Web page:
Benefits come to Emory employees in a variety of ways. Sometimes
they are lobbied for. Other times they come about with a simple
A new offer for Emory employees to join AAA at a discounted rate
is an example of the latter. Representatives of the auto club contacted
the Emory Employee Discount Program last month and offered up a
Emory employees could join AAA for 14 months and be charged for
the 12-month rate of $56. They also would receive the full list
of member benefits as well as some special gifts—a travel
atlas and hotel directory, to name two—upon signing up.
“We haven’t really advertised this much, but word has
been getting around,” said Heather Green, who helps administrate
the employee discount program, which is operated out of the purchasing
office. Green said the information about the AAA discount available
to Emory employees will be posted to the program’s website
later this month.
That website lists the many deals for which Emory employees are
eligible simply because of where they work. They range from hotel
discounts to special bank accounts to lower costs on film developing.
Students also can receive these discounts.
To sign up for the discounted AAA membership, contact Nancy Kaye
In time for this fall’s open enrollment, Human Resources rolled
out another new benefit for employees and their families—long-term
care insurance. Provided by UnumProvident, the benefit offered between
$1,000 and $6,000 of monthly long-term/nursing home monthly benefits
for eligible participants.
Unlike other University benefits, however, long-term care was not
of-fered to same-sex domestic partners on the grounds that doing
so would violate Georgia law.
Upon being informed of the situation, the President’s Commission
on LGBT Concerns took action. In late October, the commission sent
a four-page memo to University administrators.asking for contacts
at Unum, specifically anyone who determined that long-term care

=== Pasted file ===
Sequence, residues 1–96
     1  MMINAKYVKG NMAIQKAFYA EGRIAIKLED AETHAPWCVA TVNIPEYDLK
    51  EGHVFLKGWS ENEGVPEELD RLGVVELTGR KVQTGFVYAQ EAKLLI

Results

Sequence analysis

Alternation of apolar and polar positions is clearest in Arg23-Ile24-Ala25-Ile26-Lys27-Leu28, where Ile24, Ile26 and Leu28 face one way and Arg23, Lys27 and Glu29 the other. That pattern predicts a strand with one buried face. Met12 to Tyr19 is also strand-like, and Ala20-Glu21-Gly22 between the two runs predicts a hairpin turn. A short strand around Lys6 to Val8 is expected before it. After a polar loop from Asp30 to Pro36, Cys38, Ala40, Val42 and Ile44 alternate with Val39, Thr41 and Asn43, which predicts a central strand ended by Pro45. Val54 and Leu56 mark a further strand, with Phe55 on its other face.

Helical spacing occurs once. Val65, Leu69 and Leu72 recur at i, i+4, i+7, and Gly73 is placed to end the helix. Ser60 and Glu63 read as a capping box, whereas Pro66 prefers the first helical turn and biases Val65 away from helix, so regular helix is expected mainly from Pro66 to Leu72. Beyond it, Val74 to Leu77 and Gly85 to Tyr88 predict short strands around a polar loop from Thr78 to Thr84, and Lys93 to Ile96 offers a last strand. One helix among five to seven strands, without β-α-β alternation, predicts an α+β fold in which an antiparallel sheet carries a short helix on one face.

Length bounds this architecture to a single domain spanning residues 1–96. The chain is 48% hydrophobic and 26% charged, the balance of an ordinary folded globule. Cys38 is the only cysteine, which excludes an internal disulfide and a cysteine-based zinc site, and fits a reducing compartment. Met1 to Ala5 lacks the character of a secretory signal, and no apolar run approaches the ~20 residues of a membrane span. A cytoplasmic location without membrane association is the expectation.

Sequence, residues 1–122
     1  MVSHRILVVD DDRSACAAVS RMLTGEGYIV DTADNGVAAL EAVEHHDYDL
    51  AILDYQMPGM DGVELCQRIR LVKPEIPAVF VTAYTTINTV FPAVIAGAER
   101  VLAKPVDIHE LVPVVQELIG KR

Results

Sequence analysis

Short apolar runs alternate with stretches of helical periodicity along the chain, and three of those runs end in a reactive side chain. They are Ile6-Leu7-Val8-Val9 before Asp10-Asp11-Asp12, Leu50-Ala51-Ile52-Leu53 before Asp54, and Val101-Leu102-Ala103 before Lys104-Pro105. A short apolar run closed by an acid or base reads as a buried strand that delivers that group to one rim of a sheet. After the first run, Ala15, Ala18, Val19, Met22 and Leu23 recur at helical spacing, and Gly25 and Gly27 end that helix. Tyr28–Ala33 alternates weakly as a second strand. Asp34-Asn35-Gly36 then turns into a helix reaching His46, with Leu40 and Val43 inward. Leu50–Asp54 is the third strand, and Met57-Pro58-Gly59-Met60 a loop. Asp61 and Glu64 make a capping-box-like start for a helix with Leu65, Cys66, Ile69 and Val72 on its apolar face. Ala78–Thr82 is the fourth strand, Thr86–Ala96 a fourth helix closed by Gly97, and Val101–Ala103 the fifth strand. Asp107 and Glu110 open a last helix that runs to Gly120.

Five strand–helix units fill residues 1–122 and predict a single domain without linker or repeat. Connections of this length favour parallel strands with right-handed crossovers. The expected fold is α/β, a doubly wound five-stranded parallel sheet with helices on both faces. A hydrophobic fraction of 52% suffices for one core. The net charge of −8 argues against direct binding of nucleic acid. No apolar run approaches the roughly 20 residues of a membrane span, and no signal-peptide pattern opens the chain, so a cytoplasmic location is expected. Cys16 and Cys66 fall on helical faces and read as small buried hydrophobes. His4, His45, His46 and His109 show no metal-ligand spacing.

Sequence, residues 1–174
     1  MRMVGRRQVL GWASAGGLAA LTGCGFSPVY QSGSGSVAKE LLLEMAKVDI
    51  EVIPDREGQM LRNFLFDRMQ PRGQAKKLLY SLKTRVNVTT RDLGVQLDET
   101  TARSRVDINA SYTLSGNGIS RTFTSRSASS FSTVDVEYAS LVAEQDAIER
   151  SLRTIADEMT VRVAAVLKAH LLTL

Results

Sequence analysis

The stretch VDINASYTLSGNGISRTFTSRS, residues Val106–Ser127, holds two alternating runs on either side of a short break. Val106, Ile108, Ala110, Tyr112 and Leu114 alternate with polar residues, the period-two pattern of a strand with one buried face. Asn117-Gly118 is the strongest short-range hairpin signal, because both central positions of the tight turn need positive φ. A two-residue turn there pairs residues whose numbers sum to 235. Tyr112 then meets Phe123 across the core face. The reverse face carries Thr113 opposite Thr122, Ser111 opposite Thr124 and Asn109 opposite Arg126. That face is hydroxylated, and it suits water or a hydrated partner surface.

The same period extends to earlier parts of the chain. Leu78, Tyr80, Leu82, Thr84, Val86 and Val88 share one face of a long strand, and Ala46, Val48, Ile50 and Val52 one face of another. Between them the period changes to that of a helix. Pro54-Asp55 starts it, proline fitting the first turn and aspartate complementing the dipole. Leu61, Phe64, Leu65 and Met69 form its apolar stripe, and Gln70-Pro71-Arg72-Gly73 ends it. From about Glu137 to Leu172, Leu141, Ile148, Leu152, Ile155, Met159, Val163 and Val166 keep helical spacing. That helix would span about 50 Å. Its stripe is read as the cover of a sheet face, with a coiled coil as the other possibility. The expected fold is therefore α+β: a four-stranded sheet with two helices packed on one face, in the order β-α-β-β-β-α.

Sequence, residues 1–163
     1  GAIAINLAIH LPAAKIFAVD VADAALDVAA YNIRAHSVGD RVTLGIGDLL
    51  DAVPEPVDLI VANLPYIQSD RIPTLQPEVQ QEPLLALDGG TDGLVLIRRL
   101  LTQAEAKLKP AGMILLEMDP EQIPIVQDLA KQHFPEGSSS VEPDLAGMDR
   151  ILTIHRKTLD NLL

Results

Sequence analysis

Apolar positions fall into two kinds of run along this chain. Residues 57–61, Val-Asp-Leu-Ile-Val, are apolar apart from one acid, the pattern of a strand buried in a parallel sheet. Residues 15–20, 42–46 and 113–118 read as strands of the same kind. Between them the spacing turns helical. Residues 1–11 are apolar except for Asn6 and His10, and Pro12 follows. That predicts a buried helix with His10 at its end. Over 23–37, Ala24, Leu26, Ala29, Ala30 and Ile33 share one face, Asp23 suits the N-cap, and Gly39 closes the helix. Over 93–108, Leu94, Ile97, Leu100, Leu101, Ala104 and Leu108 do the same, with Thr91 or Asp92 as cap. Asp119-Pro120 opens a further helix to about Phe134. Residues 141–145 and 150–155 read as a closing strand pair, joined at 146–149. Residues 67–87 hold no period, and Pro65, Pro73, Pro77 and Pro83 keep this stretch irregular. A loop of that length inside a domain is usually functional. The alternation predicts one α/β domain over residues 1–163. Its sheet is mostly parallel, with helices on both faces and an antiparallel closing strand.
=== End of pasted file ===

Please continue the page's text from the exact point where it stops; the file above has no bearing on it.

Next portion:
coverage could not be offered to domestic partners, and copies of
the cited law preventing insurance extension.
In the memo, the commission cited a 1999 decision by Fulton County
Superior Court Judge Wendy Shoob ruling against Georgia Insurance
Commissioner John Oxendine, who
had issued a directive stating insurance coverage of same-sex domestic
partners was contrary to Georgia law and public policy.
Shoob called his refusal to approve domestic partner coverage for
Atlanta city employees “in excess of his statutory authority,
arbitrary, capricious, an abuse of direction and not in accordance
with the law.”
After receipt of the memo, Human Resources approached Unum again
to press the issue. HR invited commission chair Kathy McKee to attend
a conference call that included benefits director Mary Smith and
McKee again was told that the long-term care policy had not been
approved to cover same-sex domestic partners in Georgia, but exceptions
could be granted, and Unum could apply for one.
That’s what happened. Unum was granted an exception, and under
that exception, domestic partners now are eligible for long-term
“It was something that wasn’t right,” McKee said.
“We felt very strongly about it and needed to see if something
could be done.”
“Our intent all along was to offer this benefit to SSDPs,”
said Alice Miller, Vice President for Human Resources. “We
were disappointed that despite repeated requests, Unum was unwilling
to pursue the possibility with the State of Georgia. With LGBT’s
assistance, we were able to convince them such an initiative was
appropriate and substantiated. Working together, we all made it